Society for the Scientific Study of Psychopathy

 

Featured Published Manuscript of the Month:               July 2017

 

Chosen and summarized by:                            Emily Robertson

 

Oberth, C., Zheng, Y., & McMahon, R.J. (2017). Violence exposure subtypes differentially mediate the relation between callous-unemotional traits and adolescent delinquency. Journal of Abnormal Child Psychology, p. 1-11. doi: 10.1007/s10802-017-0267-8

 

Corresponding Author:  Carla Oberth ([email protected])Simon Fraser University

 

 

This manuscript by Oberth and colleagues examined the longitudinal association among CU traits, types of violence exposure, and adolescent delinquency among a sample of 753 adolescents (58% male, 46% African American, 50% European American, 4% other) who participated in the Fast Track project. The sample included both a high-risk control group and normative sample recruited from one of four US school sites in Durham, NC, Nashville, TN, Seattle, WA, and Rural Pennsylvania. CU traits were measured in grade 7 using the parent-report of the APSD, self-report violence exposure was measured in grades 7, 8, 10, and 11 using the My Exposure to Violence scale, and delinquency was measured in grade 12 using the SRD.

 

Key findings were:

 

·       CU traits were correlated to both victimization and witnessing violence, as well as to drug and violent delinquency, but uncorrelated to property and sexual delinquency.

 

 

 

·       CU traits at grade 7 were not directly predictive with any type of delinquency at grade 12, but total violence exposure (violence victimization and witnessing violence) significantly mediated this relationship such that CU traits indirectly predicted all four subtypes of delinquency.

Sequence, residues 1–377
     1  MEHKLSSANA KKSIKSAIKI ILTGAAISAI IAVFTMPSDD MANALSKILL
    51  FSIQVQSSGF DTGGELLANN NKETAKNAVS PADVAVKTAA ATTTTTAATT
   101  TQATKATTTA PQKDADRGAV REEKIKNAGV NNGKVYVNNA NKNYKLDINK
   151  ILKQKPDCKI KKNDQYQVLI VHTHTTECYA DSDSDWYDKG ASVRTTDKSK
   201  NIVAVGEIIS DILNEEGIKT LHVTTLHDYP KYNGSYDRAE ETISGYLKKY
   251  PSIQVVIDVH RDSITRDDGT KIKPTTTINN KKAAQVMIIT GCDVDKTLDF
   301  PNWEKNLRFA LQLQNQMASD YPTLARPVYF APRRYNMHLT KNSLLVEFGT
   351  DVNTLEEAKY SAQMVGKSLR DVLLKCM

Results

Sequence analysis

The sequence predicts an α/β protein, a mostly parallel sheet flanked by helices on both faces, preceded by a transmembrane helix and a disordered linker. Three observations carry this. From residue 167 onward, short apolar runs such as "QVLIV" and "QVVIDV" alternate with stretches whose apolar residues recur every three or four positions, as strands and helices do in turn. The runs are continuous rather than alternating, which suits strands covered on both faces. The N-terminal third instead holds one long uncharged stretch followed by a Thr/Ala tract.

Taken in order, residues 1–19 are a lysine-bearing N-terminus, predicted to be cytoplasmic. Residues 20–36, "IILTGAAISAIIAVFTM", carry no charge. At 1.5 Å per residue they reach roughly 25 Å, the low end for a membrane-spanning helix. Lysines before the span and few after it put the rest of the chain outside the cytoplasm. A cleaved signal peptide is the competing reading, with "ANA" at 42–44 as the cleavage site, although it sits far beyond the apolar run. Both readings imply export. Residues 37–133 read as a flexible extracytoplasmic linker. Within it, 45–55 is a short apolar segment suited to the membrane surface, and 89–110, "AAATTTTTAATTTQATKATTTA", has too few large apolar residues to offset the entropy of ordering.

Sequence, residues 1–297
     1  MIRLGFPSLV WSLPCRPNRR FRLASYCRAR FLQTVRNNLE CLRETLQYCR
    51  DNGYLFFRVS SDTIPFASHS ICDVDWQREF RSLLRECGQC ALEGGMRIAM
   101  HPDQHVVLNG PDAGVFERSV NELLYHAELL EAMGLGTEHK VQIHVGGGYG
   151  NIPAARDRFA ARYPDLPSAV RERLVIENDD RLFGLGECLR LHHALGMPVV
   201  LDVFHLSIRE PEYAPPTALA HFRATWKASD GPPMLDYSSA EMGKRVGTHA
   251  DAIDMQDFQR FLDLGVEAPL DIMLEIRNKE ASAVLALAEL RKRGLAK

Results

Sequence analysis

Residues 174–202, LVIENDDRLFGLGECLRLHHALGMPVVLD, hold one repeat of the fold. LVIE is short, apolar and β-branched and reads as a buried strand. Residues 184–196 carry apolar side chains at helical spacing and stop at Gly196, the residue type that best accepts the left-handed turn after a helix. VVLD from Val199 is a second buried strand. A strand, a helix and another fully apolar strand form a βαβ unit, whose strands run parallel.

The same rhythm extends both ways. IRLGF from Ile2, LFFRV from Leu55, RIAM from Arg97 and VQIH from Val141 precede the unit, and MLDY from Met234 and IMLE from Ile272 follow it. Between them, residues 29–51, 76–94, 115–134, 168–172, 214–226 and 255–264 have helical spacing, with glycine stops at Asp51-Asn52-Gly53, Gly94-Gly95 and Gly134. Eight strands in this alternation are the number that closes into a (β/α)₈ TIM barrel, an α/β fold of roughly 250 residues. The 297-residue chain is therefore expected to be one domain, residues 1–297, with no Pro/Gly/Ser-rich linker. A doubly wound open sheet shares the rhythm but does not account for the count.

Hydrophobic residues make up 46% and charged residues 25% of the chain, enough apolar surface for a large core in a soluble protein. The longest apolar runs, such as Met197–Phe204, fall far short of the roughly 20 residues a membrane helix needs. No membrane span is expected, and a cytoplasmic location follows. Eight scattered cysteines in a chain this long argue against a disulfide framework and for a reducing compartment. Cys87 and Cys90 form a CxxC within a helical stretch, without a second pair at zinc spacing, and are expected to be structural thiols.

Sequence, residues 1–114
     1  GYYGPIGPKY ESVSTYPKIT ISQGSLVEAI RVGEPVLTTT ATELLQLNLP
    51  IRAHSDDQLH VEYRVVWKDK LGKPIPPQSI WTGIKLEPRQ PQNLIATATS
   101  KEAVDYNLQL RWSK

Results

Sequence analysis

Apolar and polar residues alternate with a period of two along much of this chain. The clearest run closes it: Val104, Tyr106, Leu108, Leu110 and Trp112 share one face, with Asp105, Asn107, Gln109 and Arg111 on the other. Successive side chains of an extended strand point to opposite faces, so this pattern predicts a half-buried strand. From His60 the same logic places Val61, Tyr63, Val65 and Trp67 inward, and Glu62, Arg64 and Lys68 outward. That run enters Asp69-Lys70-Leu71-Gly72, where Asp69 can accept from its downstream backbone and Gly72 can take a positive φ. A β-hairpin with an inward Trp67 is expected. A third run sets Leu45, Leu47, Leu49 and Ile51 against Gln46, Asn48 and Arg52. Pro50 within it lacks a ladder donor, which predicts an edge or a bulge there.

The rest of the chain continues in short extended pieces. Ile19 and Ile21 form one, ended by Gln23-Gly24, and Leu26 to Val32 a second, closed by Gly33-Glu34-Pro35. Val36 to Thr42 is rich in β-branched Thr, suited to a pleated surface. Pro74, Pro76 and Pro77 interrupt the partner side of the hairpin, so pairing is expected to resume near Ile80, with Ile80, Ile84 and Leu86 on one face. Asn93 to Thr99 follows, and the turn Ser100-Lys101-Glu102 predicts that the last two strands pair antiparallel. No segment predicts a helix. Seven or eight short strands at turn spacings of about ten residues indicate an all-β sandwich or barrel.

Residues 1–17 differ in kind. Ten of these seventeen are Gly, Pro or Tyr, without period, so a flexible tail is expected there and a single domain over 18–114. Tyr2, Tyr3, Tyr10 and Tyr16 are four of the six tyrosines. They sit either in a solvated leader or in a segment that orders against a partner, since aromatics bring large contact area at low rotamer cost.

·       However, when evaluating the independent associations of victimization and witnessing violence, only witnessing violence mediated the relationship between CU traits at grade 7 and all subtypes of delinquency at grade 12.

 

Key implications:

 

·       The current study highlights the importance of evaluating the associations between different types of violence exposure with outcomes of interest instead of relying on an aggregate total exposure score.

 

 

 

·       These results help clarify the developmental pathways between types of violence exposure and delinquency among youths with elevated CU traits. Adolescents with elevated CU traits who witness violence may see a perpetrator of violence achieve their goal, and due to their lack of empathic concern for others and increased impulsivity, may interpret the violent behavior as an acceptable means to an end. While those who are directly victimized may understand the physical and emotional consequences in a way that limits future delinquency.

This study highlights the need for a better understanding of the bidirectional effects of indirect and direct forms of victimization on youths and how these forms of victimization may increase or decrease probability of future offending.